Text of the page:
Nick Antoniou, director at Smith & Williamson, the accountancy and financial advisory group. Tel 0208 492 8600, [email protected]


Smith & Williamson is an independent professional and financial services group employing over 1,100 people. The group is a leading provider of investment management, financial advisory and accountancy services to private clients, professional practices and mid-size corporates. It operates from offices in London, Belfast, Bristol, Guildford, Salisbury, Southampton, Tunbridge Wells and Worcester. Nexia Audit Limited is an independent company which works alongside Smith & Williamson to complement its specialist financial advisory services.

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By Taxi
26th Nov 2005 00:07

Goodwill - no tax relief on goodwill purchased from a
connected person.

Sole traders v. Ltd Cos, I find that a Ltd co is the safer bet (providing the client recognises that a company is a separate legal entity). One pays less tax, and once you have set up correctly, it is easier to manage.

A further major advantage is in respect of investigations. As a director of a limited company, you will only suffer an investigation into your personal tax return. The full "books and records" inspection is suffered by your company, and provided that you have not used your company as a personal bank account, this makes the whole process cleaner and easier.
OK, so there are PAYE issues, again it is just a matter of good housekeeping.

As to LLP's, well I understand when traditional partnership want them - GPs, Architects etc, but again, I think many of them would be more suited to a Ltd Company.
Finally, LLPs are soon going to be accounted for like companies. Terribly confusing for clients, who I think find the whole LLP thing rather cumbersome.
Most accountants, I wager, would really rather stick to the tried and trusted Ltd Co. vehicle.

Thanks (0)
23rd Nov 2005 10:44

Re message from Alistair Kennedy
Can companies write off purchased goodwill when it is transferred from a sole-trader or partnership?! It is still purchased by a ltd co but no tax relief is available as far as i am aware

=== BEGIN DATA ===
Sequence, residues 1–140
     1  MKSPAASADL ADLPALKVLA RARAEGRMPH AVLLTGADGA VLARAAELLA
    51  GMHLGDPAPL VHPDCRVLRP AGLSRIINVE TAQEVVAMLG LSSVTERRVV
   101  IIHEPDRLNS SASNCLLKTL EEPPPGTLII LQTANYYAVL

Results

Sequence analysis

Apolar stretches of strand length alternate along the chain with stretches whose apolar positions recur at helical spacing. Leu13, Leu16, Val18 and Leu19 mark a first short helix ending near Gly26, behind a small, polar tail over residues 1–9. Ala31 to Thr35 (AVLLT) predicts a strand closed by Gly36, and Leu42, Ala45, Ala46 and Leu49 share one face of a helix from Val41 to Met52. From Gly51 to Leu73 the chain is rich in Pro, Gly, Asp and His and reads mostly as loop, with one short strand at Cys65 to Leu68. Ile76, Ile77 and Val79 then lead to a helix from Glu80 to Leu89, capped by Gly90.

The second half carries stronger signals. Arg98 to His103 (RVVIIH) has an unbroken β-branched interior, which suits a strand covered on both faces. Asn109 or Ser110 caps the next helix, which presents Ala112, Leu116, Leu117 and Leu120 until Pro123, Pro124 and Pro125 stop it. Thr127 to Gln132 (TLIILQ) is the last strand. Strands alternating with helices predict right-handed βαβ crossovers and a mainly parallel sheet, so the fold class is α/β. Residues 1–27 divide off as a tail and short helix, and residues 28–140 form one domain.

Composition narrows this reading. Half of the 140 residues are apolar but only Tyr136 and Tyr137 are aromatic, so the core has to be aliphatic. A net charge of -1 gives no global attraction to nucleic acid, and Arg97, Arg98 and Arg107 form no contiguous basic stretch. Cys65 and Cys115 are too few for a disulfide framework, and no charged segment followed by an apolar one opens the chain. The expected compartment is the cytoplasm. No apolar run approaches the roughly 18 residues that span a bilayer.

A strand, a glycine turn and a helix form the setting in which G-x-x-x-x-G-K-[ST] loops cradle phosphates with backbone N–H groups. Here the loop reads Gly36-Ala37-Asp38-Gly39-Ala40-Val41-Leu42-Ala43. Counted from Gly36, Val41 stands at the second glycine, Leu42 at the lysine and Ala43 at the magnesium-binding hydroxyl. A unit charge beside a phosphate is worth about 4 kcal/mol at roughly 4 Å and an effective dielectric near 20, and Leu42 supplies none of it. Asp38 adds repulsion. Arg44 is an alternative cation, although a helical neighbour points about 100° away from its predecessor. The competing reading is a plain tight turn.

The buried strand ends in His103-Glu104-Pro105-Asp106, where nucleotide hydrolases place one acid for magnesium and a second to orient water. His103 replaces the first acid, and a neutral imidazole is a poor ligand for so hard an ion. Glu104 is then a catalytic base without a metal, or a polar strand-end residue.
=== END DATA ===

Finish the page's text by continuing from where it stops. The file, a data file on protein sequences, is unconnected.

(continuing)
Thanks (0)
22nd Nov 2005 17:44

Capital issues - Ltd v partnership
The article is v. light on technical content. The argument for lower taxes in Ltd co provided income is taken as dividend & not salary is well rehearsed. What is not mentioned is the loss of 100% BPR where individuals retain a property that is used in a ltd co. Also ltd cos can write off purchased goodwill which partnerships cannot.

Thanks (0)
22nd Nov 2005 15:40

missing the point??
Surely the main reason many have gone down the incorporation route has been to reduce their tax liabilities.

In the example quoted, a limited company could make a profit of £77,988 (i.e. 22% less than the partnership) and the directors/shareholders still take home £65,030 if salaries are paid to the (two) directors of £4,895 with the rest of the profit taken as dividends - total tax liability £12,958!

Thanks (0)
22nd Nov 2005 14:33

Company v. Partnership the only choice?
Presumably this well-presented comparison of companies versus partnerships was written for the non-technical browser. If so, doesn't the absence of mention of the sole trader option mislead?

Thanks (0)
22nd Nov 2005 16:58

Incorporation fee?
Since when has there been a £250 fee to incorporate a company? Does Nick Antoniou actually mean that his own firm charges this for a formation?

Thanks (0)
23rd Nov 2005 09:37

Limited Liability
As a matter of course, these days, I advise all my clients to go Ltd.
With compliance set to increase, HMRC wanting all self-employed on the payroll plus all the normall trade risks there really can be no other option.
I have been in the profession for forty years and up untill a few years ago I would have looked at all the options so I haven't taken this decision lightly. I have not seen or heard of one arguement that persuades me otherwise and I have a very open mind.

Thanks (0)